I'm presuming this is something NTs may have done unconsciously whereas for me it was something that I knew I had to do consciously.



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09 Oct 2021, 4:21 pm

The nice thing about wearing a mask is that you can poke your tongue out (well not too far) or pull a funny face, grimace etc and no one is any the wiser.

Or perhaps its just me.............


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theprisoner
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09 Oct 2021, 4:27 pm

Not everybody wears a mask, especially now, but even back during the height, i saw plenty of people that didnt, or half-assed improperly wore a mask. It takes more than a virus to rock the NT world.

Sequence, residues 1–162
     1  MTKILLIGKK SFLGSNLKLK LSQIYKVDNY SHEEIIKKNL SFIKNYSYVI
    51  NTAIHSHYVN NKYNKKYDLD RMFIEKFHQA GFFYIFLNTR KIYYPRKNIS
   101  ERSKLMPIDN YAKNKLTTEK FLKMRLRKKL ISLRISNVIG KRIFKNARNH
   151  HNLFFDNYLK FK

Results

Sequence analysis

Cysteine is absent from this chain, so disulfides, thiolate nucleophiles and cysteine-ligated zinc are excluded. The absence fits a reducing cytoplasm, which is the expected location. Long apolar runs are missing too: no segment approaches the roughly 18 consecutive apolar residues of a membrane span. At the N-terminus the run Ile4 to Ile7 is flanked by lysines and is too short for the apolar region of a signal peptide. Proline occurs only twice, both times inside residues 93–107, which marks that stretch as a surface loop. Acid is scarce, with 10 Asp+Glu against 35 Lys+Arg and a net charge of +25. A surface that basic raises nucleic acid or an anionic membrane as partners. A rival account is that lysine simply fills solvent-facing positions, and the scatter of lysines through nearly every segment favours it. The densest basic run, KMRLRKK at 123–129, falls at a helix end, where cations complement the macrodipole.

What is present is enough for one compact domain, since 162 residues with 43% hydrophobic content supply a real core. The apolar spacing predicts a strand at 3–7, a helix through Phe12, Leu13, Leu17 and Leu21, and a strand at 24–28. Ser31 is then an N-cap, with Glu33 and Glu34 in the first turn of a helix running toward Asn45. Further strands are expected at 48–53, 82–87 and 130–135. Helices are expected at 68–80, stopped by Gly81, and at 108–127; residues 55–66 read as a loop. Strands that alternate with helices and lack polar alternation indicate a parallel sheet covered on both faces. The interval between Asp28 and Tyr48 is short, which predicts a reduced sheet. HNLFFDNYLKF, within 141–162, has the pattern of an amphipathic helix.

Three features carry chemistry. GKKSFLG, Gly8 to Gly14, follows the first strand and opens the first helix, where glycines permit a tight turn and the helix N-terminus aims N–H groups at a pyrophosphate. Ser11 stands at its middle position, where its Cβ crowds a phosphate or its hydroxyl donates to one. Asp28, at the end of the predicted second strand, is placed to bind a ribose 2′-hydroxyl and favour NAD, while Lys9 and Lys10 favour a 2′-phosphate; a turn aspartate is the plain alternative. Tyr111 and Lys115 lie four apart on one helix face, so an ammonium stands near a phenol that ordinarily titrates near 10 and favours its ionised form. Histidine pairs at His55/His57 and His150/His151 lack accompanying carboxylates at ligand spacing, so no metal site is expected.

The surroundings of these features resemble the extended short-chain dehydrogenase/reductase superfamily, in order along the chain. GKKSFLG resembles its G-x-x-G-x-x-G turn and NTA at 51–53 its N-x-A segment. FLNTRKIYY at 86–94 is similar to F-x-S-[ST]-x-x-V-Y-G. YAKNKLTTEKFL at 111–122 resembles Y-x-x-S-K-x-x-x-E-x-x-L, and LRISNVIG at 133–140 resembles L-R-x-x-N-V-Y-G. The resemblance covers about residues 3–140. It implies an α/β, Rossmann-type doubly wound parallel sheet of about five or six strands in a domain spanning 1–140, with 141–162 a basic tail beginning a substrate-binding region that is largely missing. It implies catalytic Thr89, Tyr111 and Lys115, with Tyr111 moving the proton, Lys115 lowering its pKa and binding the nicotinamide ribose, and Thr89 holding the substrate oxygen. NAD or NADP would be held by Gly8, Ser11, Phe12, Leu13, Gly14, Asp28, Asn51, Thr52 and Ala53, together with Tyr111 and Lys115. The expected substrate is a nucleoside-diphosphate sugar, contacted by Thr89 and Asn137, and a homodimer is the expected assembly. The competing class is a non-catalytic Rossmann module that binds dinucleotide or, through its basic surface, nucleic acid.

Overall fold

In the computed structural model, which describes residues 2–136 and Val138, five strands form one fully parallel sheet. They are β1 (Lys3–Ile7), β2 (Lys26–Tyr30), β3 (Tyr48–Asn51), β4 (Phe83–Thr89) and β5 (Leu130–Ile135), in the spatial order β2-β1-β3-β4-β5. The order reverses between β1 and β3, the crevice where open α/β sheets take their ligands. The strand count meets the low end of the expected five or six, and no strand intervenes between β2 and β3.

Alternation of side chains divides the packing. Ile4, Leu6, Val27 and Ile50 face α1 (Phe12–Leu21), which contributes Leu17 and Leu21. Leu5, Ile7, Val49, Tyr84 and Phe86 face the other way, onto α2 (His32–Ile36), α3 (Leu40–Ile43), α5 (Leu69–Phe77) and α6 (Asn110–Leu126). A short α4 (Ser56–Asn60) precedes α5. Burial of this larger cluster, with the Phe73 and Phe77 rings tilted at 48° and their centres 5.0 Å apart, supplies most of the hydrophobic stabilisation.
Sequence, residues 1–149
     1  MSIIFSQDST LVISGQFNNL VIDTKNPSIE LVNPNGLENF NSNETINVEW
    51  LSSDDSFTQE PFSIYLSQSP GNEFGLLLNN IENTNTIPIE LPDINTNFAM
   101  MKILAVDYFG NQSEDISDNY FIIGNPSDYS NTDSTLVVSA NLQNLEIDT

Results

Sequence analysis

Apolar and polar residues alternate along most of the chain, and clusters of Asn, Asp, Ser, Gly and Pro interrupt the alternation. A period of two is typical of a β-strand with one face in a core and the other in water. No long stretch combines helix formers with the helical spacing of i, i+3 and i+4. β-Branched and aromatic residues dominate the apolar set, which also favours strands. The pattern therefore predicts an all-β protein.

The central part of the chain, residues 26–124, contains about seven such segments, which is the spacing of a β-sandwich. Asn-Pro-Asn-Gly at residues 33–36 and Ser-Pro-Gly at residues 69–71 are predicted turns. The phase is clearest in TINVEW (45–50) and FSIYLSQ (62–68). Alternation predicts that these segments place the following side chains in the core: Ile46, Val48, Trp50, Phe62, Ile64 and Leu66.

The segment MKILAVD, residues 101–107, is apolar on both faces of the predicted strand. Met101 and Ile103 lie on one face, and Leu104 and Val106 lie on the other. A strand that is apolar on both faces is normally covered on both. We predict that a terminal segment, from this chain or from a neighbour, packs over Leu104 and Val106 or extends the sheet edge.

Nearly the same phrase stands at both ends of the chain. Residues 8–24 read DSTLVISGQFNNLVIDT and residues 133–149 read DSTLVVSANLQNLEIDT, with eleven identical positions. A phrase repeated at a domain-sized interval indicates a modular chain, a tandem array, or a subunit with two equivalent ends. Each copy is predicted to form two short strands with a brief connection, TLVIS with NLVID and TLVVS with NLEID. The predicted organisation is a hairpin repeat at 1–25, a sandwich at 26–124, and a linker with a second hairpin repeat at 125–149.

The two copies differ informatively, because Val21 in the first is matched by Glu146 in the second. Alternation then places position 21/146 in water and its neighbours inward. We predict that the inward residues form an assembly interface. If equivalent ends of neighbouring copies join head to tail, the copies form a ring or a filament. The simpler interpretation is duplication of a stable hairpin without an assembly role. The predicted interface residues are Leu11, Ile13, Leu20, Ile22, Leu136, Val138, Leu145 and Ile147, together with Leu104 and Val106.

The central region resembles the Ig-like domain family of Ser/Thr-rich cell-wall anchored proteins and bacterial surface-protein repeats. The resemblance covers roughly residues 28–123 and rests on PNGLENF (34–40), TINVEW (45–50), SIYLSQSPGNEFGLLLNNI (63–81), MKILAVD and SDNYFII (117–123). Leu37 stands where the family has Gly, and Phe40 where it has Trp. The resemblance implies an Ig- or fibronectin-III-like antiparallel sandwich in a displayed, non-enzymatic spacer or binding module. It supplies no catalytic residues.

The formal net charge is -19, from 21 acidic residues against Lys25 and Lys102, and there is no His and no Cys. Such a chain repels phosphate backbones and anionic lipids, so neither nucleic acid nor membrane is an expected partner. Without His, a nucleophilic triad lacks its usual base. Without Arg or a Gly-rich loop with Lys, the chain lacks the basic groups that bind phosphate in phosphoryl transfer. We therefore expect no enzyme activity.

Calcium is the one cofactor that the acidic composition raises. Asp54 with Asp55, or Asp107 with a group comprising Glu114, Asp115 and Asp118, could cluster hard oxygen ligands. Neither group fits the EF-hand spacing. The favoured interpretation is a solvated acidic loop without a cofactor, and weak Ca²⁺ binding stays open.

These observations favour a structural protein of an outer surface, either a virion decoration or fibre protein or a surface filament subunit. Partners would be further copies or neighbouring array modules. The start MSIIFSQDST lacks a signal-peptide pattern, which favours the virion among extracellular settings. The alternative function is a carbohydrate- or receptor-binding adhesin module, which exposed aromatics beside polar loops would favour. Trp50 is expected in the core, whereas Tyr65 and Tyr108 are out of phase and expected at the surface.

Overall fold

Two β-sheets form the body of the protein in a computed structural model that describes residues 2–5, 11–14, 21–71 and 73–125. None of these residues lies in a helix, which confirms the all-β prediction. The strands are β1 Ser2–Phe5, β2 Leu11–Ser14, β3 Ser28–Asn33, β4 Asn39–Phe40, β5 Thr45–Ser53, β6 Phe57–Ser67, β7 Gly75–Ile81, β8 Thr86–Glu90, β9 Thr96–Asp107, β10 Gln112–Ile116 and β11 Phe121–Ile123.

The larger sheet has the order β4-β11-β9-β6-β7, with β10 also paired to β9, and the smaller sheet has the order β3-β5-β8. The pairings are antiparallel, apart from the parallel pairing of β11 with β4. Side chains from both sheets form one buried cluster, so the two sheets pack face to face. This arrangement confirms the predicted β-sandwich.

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09 Oct 2021, 6:09 pm

This is why I don't believe those ''mind in the eyes'' tests are an accurate way to test how well you can read facial expressions, because although the muscles around the eyes tell a lot about emotion, you still can't be 100% sure without the whole face present. All I see in those tests is just a pair of eyes staring at me.

I often heard NTs complain that they can't always tell how someone is feeling when wearing a face mask, even though they can still see the eyes (unless it is very obvious, like a person is frowning hard or something). So that's enough evidence for me to prove that those mind in the eyes tests aren't accurate at all.


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09 Oct 2021, 7:28 pm